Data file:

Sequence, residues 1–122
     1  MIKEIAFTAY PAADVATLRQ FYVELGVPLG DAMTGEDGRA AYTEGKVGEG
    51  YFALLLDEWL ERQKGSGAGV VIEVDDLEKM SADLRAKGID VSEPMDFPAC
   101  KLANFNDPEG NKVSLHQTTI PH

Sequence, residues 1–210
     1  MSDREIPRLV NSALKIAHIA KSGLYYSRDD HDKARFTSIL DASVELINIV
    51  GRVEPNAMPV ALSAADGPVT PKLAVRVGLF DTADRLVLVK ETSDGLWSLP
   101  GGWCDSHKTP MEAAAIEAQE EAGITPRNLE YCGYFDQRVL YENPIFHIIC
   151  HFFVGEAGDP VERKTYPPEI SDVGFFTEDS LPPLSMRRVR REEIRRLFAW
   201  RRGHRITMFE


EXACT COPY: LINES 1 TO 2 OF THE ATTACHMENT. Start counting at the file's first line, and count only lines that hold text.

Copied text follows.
Sequence, residues 1–122
     1  MIKEIAFTAY PAADVATLRQ FYVELGVPLG DAMTGEDGRA AYTEGKVGEG